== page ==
CHICAGO -- As the White Sox come off a 6-1 road trip, they face two surprisingly daunting tasks: trying to get on a roll at home and attempting to defeat Bruce Chen. One wouldn’t expect either to be too difficult to achieve, but the White Sox's 24-32 record at U.S. Cellular Field and the fact that they’re winless in Chen’s two starts against them this season tell a different story.
“The way I look at it is we’ve still got some home games coming starting right now today,” Paul Konerko said. “When it comes to looking at things as a whole, you really do have to wait until the end of the season because there’s no saying we won’t get really hot at home and then at the end of the year you look at it and say, ‘Well this is about what we thought we would do at home.’”
Of the White Sox's remaining 45 games, 25 are at home. Manager Ozzie Guillen knows his team has to improve at home. He added that their last homestand -- which ended with six straight losses, including a four-game sweep at the hands of the New York Yankees -- was especially difficult.
“That particular week I don't think anybody could have beat New York,” Guillen said. “That team was doing everything well. Pitching well, hitting well, everything was working for them. I think what we did on the road, I think we have to keep hitting the way we hit on the road. If we the hit the way we hit on the road, I think we'll be fine."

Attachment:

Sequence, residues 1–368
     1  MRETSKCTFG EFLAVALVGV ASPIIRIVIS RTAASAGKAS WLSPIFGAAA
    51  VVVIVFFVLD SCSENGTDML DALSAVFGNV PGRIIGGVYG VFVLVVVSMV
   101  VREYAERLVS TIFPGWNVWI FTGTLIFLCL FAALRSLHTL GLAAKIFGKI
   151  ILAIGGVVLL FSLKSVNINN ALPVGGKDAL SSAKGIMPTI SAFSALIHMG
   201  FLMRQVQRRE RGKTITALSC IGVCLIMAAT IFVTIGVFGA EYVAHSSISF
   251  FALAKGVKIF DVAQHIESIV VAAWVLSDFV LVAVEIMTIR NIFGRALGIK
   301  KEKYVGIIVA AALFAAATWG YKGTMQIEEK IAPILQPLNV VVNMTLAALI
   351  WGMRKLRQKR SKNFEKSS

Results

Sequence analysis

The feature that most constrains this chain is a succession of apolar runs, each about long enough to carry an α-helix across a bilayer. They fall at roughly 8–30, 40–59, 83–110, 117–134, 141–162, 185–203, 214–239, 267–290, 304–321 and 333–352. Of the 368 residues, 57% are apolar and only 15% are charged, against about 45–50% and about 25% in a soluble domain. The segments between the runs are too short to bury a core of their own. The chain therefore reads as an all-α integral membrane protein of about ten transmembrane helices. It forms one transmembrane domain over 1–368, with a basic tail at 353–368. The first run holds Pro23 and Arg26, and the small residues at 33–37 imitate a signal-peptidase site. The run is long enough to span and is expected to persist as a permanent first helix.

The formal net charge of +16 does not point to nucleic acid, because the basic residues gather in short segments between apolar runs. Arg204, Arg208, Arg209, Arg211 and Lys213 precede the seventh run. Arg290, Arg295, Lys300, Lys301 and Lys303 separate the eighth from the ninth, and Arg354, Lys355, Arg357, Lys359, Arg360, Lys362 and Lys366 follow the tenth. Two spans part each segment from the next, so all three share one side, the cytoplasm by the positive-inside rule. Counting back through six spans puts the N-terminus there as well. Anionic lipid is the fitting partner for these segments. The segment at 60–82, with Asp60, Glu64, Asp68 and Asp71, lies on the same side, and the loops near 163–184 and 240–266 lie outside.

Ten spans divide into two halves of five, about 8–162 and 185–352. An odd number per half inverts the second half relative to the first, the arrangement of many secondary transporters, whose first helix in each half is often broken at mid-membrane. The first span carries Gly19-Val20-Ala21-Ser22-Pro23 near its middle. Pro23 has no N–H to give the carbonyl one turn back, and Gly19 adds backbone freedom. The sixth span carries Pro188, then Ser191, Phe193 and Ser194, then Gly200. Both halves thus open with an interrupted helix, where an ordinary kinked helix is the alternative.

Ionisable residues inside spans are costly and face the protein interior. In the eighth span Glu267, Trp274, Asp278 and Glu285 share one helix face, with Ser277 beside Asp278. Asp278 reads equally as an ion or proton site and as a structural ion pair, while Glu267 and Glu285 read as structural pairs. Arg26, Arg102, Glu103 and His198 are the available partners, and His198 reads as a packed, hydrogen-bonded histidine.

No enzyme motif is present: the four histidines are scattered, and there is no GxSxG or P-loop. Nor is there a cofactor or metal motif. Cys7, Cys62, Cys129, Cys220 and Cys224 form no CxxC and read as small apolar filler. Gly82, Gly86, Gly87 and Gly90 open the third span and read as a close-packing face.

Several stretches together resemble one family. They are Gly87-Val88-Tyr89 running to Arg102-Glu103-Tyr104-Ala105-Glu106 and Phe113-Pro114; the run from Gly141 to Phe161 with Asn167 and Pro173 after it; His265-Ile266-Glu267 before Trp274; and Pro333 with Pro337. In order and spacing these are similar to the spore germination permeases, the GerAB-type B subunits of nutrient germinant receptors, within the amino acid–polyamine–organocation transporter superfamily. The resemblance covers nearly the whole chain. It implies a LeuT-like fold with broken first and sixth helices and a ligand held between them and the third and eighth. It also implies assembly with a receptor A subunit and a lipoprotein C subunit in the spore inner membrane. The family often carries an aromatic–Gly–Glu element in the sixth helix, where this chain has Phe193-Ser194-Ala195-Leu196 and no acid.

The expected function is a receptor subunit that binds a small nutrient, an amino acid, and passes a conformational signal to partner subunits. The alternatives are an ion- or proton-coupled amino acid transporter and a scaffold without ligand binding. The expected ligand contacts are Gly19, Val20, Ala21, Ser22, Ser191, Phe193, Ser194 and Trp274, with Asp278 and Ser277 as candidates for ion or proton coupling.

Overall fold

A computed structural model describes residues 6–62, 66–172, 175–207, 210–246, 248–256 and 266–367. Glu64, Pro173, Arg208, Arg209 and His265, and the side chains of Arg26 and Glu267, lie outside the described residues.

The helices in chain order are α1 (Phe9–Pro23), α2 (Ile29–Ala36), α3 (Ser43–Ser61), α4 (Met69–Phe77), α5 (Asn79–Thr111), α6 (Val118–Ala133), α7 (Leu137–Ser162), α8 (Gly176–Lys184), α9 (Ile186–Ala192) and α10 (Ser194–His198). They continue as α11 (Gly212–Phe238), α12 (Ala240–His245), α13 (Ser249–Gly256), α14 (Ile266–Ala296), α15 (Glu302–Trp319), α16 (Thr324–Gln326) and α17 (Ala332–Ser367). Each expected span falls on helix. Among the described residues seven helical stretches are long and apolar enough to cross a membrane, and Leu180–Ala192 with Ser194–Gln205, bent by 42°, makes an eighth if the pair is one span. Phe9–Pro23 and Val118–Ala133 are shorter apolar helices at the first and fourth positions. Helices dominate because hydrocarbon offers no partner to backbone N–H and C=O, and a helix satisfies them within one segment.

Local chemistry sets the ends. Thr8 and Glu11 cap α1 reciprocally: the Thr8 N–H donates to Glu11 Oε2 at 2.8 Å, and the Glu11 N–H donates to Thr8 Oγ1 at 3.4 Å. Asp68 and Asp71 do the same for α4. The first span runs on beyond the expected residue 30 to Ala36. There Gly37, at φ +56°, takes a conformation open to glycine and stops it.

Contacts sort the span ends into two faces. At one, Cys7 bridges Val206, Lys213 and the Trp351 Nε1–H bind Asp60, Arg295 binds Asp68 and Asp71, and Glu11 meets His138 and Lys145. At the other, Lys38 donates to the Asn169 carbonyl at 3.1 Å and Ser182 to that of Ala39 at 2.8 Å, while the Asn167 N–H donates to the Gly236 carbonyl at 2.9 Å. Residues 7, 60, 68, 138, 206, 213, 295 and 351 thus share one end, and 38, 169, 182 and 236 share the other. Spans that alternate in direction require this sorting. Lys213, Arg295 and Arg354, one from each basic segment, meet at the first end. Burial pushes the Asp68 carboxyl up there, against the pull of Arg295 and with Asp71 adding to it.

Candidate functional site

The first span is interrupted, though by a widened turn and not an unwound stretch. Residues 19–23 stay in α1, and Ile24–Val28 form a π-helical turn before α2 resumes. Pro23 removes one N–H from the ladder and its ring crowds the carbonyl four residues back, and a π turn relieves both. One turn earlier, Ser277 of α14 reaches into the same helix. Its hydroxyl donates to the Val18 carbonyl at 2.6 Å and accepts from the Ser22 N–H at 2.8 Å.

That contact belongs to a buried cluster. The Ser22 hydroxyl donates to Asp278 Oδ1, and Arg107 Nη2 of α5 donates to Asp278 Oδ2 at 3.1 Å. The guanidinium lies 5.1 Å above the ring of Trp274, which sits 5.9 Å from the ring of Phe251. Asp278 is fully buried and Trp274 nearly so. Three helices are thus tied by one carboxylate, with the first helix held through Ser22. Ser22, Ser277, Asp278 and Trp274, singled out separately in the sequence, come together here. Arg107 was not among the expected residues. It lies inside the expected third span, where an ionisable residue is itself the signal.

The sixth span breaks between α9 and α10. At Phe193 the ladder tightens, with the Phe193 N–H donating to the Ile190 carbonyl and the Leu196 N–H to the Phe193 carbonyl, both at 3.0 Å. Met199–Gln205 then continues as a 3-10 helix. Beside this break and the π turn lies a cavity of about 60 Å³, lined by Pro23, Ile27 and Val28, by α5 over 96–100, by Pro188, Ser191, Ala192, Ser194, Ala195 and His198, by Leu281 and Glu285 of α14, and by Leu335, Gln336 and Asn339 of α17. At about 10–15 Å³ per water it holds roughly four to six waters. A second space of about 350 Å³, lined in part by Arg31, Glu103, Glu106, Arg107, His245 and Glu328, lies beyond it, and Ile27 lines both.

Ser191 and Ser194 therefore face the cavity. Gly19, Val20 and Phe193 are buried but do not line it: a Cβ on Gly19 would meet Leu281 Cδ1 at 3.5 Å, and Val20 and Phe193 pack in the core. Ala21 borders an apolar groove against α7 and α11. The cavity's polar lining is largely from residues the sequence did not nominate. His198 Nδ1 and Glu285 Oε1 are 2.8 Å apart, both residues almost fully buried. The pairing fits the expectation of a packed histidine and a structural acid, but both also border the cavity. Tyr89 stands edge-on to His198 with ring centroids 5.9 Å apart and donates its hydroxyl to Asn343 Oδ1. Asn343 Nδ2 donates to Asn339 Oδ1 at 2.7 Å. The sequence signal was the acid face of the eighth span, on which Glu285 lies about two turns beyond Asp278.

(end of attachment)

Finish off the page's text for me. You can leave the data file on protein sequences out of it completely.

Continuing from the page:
It was that White Sox offense that set Guillen off after the team’s most recent loss to Chen. On July 20, Chen held the Sox to one run in eight innings. After losing in extra innings, Guillen went on a profanity-laced tirade directed at his offense’s horrible showing against Chen and the Royal’s pitchers.
On Friday, Guillen was much calmer when Chen was brought up.
“I hope we have a different approach,” Guillen said. “We had a very bad approach every time we face him. I hope we have a different approach and we put some good at-bats together and hopefully we beat him.”
Chen is 2-0 against the White Sox this season, with a combined 14 innings pitched, allowing only two runs in those two starts. Konerko called Chen ‘crafty’ and compared him to White Sox starter Mark Buehrle in that he relies more on his command than stuff.
“Overall, you don’t try to do too much because a guy like that can take advantage of you,” Konerko said. “When you’re trying to swing for the fences or hit big, that’s the kind of guy it’ll backfire on you.”
The White Sox are also looking to get back to .500, a point they’ve reached three times before since the beginning of July. However, the real goal is to jump past that mark, something they haven’t done since they were 7-6.
“It reminds me of my hitting career. Every time I'd get close to .250 I'd jump back to .238 and I'd have to fight back to .250 again,” Guillen joked. “On paper and the talent we have, I think we're better than that. Hopefully we get out there and continue to go up. I'm never looking at .500; I'm looking to win this thing. If you say we're .500 and I'm going to be happy, I'd be lying to you. If we don't win this thing I'll be disappointed and I think a lot of people should be.”
As much as Guillen may have expected this team to get to 90 or more wins, Konerko says the won loss record doesn’t matter, it’s where they end up in the standings.
“There’s a good chance that the team that wins this division might not win 85 games -- they might win in the low 80’s -- that’s very possible,” Konerko said. “So the record I don’t think is going to be as big of a deal, but winning the division is winning the division.”
It looks as though the White Sox next steps towards that goal start with getting past their troubles at home and solving the riddle that is Bruce Chen.